HC (cm)89.83 ± 6.6094.21 ± 4.734.380.0001**
W/H ratio0.87 ± 0.030.88 ± 0.040.010.25
BMI (kg/m2)21.92 ± 2.4624.09 ± 2.222.180.0001**
Pedometer group (n = 28)Wt. (kg)58.66 ± 7.5665.40 ± 8.566.740.0001**
WC (cm)82.17 ± 6.9589.53 ± 6.857.370.0001**
HC (cm)91.03 ± 7.1197.73 ± 5.136.700.0001**
W/H ratio0.88 ± 0.020.90 ± 0.040.020.05
BMI (kg/m2)22.52 ± 2.8325.14 ± 3.382.620.0001**
Text Message
group (n = 30)
Wt. (kg)58.97 ± 9.4966.80 ± 9.547.830.0001**
WC (cm)80.83 ± 7.1488.40 ± 6.517.570.0001**
HC (cm)92.70 ± 7.6199.83 ± 6.177.130.0001**
W/H ratio0.89 ± 0.030.90 ± 0.030.010.06
BMI (kg/m2)22.37 ± 2.9627.03 ± 3.673.630.0001**
Pedometer plus text message group (n = 29)Wt. (kg)57.30 ± 6.3263.11 ± 5.795.800.0001**
WC (cm)79.79 ± 6.6485.77 ± 7.225.980.0001**
HC (cm)90.29 ± 6.8595.14 ± 6.044.860.0001**
W/H ratio0.88 ± 0.030.90 ± 0.030.020.23
BMI (kg/m2)22.52 ± 2.8325.14 ± 3.382.620.0001**

Abbreviations: BMI, body mass index; WC,waist circumference, HC, hip circumference; W/H, waist/hip.

Physical activity

From months 4 to 7, the daily step counts estimated by pedometer in group C were similar to group E: the mean step counts were 4574 ± 1652 and 4273 ± 1132 steps/day in month 4, 4903 ± 1422 and 5105 ± 1230 steps/day in month 5, 4954 ± 1398 and 5492 ± 1071 steps/day in the month 6 and 5257 ± 1233 and 5862 ± 1328 steps/day in month 7. From months 8 and 9, a significantly higher step count was seen in group E compared to group C. Further, group C and group E reported 5324 ± 1175 and 6377 ± 1644 steps/day (P = 0.008) in month 8, and 5572 ± 1141 and 6379 ± 996 steps/day (P = 0.006), respectively, in month 9.

Ancillary analyses

Table 4 summarizes the results of ANCOVA for age and BMI on GWG and PPWR. BMI was found to have a significant influence on GWG (P = 0.0001**). The interaction between group and BMI was insignificant. There was no significant effect of age on GWG. Only BMI appeared to be a covariate for GWG. For PPWR, both age and BMI did not show any significant effect.

Table 4. Effects of covariates on GWG and PPWR by ANCOVA
Dependent Variable: GWG and PPWR
Source Type III sum of squares DF Mean square F-value P value
GWG PPWR GWG PPWR GWG PPWR GWG PPWR GWG PPWR
Group22.58961.441445.64715.3600.5591.9250.6930.110
BMI232.31311.61811232.31311.61822.9981.4560.0001**0.230
Age22.5970.0861122.5970.0862.2370.0110.1370.918
Group * BMI29.27791.407447.31922.8520.7252.8640.5770.026*
Group * Age32.23020.288448.0575.0720.7980.6360.5290.638
Error1323.2861045.12413113110.1017.978
Total1648.5101394.218145145

R squared = 0.197 (Adjusted R squared = 0.111) for GWG.

R squared = 0.250 (Adjusted R squared = 0.170) for PPWR.

Adverse effects

During the intervention period, no participants have reported any serious injury or adverse effects.


Discussion

The present study examined the effect of different behavioral interventions on GWG, PPWR and anthropometric measures during pregnancy and during a two-month post-partum follow up. Our findings indicate a greater reduction in PPWR in the supervised exercise group compared to the other groups. Hence, supervised exercises would seem to be an effective approach for maintaining optimal weight during the post-partum period. Previous studies have also reported that interventions based on physical activities and exercises were effective in reducing PPWR.26,27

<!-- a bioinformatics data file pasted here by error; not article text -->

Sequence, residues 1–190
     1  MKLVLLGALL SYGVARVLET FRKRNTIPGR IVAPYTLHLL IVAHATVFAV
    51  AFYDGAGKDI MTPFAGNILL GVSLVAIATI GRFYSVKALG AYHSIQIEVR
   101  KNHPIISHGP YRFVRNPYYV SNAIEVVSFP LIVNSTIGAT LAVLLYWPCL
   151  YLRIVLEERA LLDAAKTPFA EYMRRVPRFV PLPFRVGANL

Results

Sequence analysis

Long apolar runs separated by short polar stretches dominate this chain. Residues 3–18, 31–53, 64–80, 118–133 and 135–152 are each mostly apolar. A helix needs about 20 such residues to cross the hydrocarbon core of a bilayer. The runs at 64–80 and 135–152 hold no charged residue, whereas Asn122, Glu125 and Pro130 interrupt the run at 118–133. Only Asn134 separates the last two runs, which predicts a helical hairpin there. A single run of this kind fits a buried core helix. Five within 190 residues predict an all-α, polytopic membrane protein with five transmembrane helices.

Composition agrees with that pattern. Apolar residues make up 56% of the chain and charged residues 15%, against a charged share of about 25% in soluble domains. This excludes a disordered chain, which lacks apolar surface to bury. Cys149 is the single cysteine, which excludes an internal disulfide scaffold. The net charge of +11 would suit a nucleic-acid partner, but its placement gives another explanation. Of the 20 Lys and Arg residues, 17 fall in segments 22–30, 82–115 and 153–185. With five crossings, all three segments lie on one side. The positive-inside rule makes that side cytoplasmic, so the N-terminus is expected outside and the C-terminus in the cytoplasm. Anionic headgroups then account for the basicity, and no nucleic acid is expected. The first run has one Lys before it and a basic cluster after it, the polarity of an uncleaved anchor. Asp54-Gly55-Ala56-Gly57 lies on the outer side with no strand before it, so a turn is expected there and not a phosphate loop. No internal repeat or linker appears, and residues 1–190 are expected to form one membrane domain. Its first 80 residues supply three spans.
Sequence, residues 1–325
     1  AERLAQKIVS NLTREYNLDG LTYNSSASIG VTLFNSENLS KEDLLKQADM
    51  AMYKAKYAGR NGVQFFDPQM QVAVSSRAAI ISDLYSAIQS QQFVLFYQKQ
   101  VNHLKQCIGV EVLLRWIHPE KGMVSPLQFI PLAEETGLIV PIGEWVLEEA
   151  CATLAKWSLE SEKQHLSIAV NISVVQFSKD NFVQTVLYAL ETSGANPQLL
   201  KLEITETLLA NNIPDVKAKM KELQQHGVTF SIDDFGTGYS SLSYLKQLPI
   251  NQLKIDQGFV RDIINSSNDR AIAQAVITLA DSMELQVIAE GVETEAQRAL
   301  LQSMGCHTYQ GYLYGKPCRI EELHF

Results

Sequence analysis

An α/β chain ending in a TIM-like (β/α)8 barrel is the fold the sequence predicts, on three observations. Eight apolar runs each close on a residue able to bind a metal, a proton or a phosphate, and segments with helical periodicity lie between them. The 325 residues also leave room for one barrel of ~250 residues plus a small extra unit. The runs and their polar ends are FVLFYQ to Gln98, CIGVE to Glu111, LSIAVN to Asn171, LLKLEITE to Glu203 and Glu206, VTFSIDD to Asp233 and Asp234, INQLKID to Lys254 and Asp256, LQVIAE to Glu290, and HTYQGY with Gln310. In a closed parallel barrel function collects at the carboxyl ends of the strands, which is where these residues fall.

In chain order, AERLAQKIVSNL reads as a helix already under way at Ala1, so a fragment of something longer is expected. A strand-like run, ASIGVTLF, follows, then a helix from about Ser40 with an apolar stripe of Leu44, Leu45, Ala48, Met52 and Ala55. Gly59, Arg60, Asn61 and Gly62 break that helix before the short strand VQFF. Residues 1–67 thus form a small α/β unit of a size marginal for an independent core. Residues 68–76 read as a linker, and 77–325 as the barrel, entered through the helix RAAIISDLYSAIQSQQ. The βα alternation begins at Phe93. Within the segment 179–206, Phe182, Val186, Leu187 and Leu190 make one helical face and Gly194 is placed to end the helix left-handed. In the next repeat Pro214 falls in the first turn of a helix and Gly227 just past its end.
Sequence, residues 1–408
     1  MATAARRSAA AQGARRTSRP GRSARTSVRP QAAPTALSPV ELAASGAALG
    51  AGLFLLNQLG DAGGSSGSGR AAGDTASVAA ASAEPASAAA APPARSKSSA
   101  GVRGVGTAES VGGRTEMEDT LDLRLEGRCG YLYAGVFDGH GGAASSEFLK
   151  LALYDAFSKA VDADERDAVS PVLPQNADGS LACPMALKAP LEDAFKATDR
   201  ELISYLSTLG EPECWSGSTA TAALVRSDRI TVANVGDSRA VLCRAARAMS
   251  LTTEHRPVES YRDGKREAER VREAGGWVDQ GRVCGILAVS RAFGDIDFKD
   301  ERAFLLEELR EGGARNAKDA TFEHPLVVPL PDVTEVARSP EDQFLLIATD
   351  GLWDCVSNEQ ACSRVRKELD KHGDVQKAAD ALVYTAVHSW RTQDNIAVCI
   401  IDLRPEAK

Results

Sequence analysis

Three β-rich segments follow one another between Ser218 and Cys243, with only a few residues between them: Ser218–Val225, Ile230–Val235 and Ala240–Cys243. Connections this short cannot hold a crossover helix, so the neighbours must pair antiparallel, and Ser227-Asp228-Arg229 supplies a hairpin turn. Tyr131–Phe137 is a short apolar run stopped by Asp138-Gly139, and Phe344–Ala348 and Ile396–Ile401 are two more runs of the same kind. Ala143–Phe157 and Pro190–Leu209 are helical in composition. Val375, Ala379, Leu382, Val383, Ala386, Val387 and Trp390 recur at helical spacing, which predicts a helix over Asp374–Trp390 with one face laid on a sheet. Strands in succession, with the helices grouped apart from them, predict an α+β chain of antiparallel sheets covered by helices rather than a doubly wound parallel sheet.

Between-group comparisons indicated a statistically insignificant reduction in GWG in all five groups. Although the results were statistically insignificant, the mean weight gain among the participants of the study was 11.91 ± 3.33 kg, which is an optimal weight gain in pregnancy as per WHO guidelines. It shows that the interventions given in the present study have contributed in restricting excessive weight gain during pregnancy. Previous research based on supervised exercises and pedometer-based physical activity interventions suggest that these interventions do help pregnant women in gaining less gestational weight.21,22,28 The pregnant women in group B and group E had, on average, 1.38 to 1.64 kg less GWG compared to the control group. Therefore, our present findings on the effect of physical activity on GWG are consistent with those of previous literature.14,29

The GWG in each group showed that 45% of pregnant women in group B gained weight within recommended guidelines, followed by group E (42%), group C (40%), group D (40%) and group A (34%), which is consistent with the guidelines given by IOM for weight gain.3 In group B, only 24% of pregnant females attained weight above the recommended levels, followed by group E (32%), group C (37%), group D (40%) and group A (44%).

Our findings also identified statistically-significant differences in selected anthropometric measures (weight, waist circumference, hip circumference and BMI) between pre- and post-intervention in all five groups except in waist/hip ratio. In addition, significant differences in mean anthropometric measures were observed in group B, i.e. supervised exercise intervention, from month 4 of pregnancy to second month post-partum, followed by group E, group C, group D and group A. This finding was found to be similar with the finding of Pawalia et al.30

Our between-group comparison also indicated significant improvements in new-born birth weight also; a lower number of caesarean sections were reported in the intervention groups. This result was found to be consistent with the findings of the previous studies.31,32